- Bengt Jangfeldt theguardian.com
Regina Derieva, who has died aged 64 of heart failure, was a poet, who in her best poems achieved that true metaphysical quality which, according to TS Eliot, is the alloy of thought and poetry at a very high temperature.
Of Russian poets born in the Soviet era, the first to speak seriously about metaphysics was Joseph Brodsky, in whose poetry
this alloy occurs quite often. Brodsky called Derieva “a great poet”, stressing that her poems are hers “only by name, only by her craft”.
“The real authorship belongs here to poetry itself, to freedom itself. I have not met anything similar for a long time, neither among my fellow countrymen nor among English-speaking poets.”
Born in Odessa, Derieva grew up in the Soviet Republic of Kazakhstan, in a Jewish home marked by Marxism and militant atheism. Only as an adult, disappointed with the Russian Orthodox church, did she turn, under the influence of GK Chesterton, Eliot and the Russian thinker Piotr Chaadayev, to Catholicism.
Her first poem was published in 1965 and her first collection in 1978. However, because of the character of her poetry Derieva had great difficulties getting her work published in the USSR. In 1991 she emigrated, with her husband, Alexander, whom she had married in 1977, and son, Denis, to Israel, where she was denied citizenship since she was a practising Catholic. In 1999 she moved to Sweden, where she lived until her death. In the west she could at last publish freely and several collections saw the light of day, both in Russian and other languages. She had three collections published in English, most recently Corinthian Copper (2011).
To say that I knew Derieva would be wrong. I translated her poetry into Swedish, and helped her to get Swedish citizenship, and we met on several occasions, though rarely in the last few years. Her means of communication was not through personal contact, but through poetry. According to her husband, I was one of the few people she ever confided in; her main interlocutor was God.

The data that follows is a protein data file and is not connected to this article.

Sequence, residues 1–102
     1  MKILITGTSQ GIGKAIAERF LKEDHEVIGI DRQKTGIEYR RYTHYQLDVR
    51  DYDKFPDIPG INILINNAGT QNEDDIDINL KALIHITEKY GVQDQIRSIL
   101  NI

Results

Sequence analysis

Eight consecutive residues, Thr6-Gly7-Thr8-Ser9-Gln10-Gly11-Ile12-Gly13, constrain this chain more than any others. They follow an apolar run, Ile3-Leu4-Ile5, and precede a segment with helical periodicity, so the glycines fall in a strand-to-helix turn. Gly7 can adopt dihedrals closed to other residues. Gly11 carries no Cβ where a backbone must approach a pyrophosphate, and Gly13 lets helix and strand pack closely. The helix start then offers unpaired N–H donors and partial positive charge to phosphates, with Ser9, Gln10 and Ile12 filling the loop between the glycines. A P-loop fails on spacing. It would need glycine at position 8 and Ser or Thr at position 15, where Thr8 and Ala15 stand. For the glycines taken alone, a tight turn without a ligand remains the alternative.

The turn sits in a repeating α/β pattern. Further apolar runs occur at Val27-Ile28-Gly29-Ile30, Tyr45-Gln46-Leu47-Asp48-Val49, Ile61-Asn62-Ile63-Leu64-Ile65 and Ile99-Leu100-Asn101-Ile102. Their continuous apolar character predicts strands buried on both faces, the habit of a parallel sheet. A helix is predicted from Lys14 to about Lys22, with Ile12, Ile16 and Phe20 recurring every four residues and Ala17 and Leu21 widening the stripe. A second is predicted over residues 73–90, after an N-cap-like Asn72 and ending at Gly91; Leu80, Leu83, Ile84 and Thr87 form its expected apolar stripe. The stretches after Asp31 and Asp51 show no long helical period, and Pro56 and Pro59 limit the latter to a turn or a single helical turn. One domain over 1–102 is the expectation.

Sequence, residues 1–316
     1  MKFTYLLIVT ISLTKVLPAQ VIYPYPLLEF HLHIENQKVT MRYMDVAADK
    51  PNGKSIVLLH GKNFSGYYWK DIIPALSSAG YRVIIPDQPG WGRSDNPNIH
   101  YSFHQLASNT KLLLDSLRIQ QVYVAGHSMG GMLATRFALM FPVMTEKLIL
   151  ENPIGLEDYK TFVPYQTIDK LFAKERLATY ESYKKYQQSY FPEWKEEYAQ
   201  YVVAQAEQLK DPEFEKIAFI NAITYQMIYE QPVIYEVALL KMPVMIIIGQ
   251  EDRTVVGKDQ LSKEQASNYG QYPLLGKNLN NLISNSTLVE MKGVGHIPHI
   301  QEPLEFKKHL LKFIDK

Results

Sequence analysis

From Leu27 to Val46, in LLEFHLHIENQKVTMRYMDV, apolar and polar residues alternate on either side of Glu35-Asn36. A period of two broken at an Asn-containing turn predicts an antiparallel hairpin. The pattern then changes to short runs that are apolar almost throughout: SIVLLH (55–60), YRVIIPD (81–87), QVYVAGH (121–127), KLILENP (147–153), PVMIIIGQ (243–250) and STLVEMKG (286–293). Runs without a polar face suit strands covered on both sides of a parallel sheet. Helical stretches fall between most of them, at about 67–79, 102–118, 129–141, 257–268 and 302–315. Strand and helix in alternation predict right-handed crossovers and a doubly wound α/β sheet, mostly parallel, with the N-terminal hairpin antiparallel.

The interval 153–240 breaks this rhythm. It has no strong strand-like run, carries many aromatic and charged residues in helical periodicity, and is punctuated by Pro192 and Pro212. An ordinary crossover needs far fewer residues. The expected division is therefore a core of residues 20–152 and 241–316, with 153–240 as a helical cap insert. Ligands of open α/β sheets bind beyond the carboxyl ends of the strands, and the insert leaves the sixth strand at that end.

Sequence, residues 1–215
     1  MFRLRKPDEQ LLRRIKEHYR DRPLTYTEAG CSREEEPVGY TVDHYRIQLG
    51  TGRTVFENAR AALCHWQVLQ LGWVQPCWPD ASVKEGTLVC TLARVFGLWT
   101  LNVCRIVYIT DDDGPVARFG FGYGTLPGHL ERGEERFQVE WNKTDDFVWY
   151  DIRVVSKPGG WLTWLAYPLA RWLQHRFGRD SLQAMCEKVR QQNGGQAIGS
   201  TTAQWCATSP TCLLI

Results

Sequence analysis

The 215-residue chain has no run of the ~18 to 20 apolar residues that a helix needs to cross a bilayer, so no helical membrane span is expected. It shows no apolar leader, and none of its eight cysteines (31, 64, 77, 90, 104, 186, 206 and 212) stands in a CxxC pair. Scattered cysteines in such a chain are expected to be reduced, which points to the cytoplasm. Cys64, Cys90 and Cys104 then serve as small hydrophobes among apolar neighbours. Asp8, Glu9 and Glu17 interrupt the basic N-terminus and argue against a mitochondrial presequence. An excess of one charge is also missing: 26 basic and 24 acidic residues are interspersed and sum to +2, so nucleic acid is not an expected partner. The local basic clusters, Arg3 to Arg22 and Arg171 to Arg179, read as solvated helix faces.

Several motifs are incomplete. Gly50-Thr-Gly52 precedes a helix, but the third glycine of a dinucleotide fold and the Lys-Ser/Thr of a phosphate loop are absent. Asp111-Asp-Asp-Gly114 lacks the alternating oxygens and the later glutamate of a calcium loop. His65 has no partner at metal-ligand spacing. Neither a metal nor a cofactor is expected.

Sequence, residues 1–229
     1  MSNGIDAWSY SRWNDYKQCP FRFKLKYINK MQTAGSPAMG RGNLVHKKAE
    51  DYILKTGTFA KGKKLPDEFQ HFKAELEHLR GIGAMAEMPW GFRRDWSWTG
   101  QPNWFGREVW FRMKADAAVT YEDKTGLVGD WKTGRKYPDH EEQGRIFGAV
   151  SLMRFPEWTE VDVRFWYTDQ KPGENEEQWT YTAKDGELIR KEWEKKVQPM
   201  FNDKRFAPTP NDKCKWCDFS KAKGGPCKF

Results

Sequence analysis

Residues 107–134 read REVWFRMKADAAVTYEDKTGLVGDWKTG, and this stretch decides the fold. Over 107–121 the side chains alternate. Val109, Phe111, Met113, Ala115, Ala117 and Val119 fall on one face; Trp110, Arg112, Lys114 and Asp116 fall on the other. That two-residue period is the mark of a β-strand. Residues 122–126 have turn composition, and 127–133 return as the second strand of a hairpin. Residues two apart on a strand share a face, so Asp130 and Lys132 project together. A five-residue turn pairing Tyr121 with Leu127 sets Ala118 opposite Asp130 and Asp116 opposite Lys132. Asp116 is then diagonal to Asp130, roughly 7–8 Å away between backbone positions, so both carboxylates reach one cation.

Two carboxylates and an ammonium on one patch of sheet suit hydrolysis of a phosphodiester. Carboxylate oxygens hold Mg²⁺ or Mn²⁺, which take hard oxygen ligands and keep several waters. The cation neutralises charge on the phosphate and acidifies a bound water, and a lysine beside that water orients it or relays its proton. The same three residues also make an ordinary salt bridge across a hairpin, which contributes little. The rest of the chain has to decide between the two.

Her faith derived its nourishment from a pessimism so radical that it could be overcome only by the strongest of beliefs. Derieva’s world, wrote the Lithuanian poet and essayist Tomas Venclova, is a world “moved away from God a great distance, such a distance that perhaps even God cannot easily overcome it”. It is, said Venclova, a “concentration camp zone, where space is turned into emptiness, and time turned into disappearance”.
Other writers had been there before her. But Russian poets such as Brodsky or Derieva mobilise furiously against the feeling of being abandoned by God, Derieva through her paradoxical faith in God in spite of His absence. “Silence is God’s answer,” says one poem.
And in another one can hear the echo of Tertullian’s Credo quia absurdum – I believe since it is absurd: “Lacking even paper / I write on my heart / turned inside out. /That is why it squeaks / at night like the earth’s axis / that turns me face to face / with the impossible.”
Derieva is survived by her son and her husband Alexander Deriev, the publisher of Ars Intepres, an international literary journal in Sweden.